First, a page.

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SMEs in the Northern Netherlands embrace innovation

11 July 2019
Thijs Broekhuizen

Enterprises in the Northern Netherlands innovated plentifully in 2018 This has been revealed by the Northern Netherlands Innovation Monitor, an initiative of the Centre of Expertise Vinci of the University of Groningen (UG) in collaboration with the Northern Netherlands Provinces Alliance (SNN). ‘These are numbers that the northerners should be proud of, and they suggest that a beautiful future is to be expected’, says UG researcher Dr Thijs Broekhuizen.

Similar to previous years, all innovation input indicators are clearly positive. In 2018, enterprises invested measurably more in internal Research & Development and made more use of disruptive technologies. This has had a visible effect on the innovation output achieved, concludes Broekhuizen. Innovations that are new to the market are forming an increasingly important contribution to turnover. The most important achievement: 2018 does not appear to be an outlier as such. The increased attention to innovation in the North is structural.

Innovation activities and performances: a positive trend

Over the last four years, UG researchers have taken an annual look at the innovative powers of small and medium-sized enterprises. The monitor indicates a clearly positive trend. The proportion of SMEs that invest and innovate by themselves, so-called frontrunners, has risen from 45% in 2015 to 54% in 2018. In addition, the importance of radical innovation, in which SMEs are the first to implement product or service innovations in the market, has also increased. More than a quarter of turnover is realized through these radical innovations.

The proportion of SMEs that invest and innovate by themselves, so-called frontrunners, has risen from 45% in 2015 to 54% in 2018.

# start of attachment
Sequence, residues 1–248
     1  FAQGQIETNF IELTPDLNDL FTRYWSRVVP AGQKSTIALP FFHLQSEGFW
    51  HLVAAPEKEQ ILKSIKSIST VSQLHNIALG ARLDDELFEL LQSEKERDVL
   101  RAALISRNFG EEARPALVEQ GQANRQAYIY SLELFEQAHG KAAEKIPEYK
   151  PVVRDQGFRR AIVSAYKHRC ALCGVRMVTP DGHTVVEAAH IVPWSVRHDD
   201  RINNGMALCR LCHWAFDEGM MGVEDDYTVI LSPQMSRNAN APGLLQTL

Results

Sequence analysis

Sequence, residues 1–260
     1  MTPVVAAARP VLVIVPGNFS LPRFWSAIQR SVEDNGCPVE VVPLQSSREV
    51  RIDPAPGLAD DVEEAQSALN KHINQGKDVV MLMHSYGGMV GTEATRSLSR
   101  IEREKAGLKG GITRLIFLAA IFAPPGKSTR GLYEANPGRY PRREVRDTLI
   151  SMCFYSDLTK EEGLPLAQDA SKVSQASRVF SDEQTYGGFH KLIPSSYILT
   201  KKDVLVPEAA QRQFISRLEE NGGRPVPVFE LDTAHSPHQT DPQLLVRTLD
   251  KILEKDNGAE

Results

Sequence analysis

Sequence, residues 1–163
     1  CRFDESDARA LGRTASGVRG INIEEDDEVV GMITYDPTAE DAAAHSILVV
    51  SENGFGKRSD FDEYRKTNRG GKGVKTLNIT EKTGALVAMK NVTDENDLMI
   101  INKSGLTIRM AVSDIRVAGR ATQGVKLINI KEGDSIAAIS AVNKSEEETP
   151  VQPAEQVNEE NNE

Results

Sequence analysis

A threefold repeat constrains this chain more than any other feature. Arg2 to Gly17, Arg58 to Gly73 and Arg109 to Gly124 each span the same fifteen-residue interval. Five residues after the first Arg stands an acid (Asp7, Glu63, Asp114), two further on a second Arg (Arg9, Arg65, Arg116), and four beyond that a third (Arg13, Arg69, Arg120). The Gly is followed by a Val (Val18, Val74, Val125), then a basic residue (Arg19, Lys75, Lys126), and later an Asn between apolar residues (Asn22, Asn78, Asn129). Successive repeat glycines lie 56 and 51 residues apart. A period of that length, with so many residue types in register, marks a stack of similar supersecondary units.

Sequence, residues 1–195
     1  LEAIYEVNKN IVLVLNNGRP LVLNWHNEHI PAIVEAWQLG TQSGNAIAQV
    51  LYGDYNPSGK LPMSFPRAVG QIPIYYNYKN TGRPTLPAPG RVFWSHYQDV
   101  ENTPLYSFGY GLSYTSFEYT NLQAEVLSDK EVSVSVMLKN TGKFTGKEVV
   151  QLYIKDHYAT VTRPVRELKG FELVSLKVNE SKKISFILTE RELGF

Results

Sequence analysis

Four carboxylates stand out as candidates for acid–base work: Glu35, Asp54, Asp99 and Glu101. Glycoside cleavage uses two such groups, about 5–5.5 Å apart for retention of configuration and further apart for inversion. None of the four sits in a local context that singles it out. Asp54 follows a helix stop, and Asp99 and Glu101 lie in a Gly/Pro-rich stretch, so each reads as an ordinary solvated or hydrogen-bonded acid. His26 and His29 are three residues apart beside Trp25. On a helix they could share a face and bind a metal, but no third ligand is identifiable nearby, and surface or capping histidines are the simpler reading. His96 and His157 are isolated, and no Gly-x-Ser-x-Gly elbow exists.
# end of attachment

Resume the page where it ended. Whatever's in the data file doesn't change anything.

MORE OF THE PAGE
The proportion of SMEs that invest and innovate by themselves, so-called frontrunners, has risen from 45% in 2015 to 54% in 2018.

More attention to disruptive technologies

Compared to 2017, an increase in the percentage of companies that actively used disruptive technologies was visible in 2018. The technologies most often used by the enterprises were sensor technology (39% in 2018, 28% in 2017), followed by the Internet of Things (34%, previously 27%), Big Data (28%, previously 16%), Robotization (20%, previously 14%) and Artificial Intelligence, Machine Learning and Deep Learning (17%, previously 10%). Although the use of these technologies does not directly lead to higher profitability, it suggests that the enterprises are daring to experiment and prepare themselves for a changing future.

The technologies most often used by the enterprises were sensor technology, followed by the Internet of Things, Big Data, Robotization and Artificial Intelligence, Machine Learning and Deep Learning.
The technologies most often used by the enterprises were sensor technology, followed by the Internet of Things, Big Data, Robotization and Artificial Intelligence, Machine Learning and Deep Learning.

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Contact: Thijs Broekhuizen

Last modified:11 July 2019 08.59 a.m.
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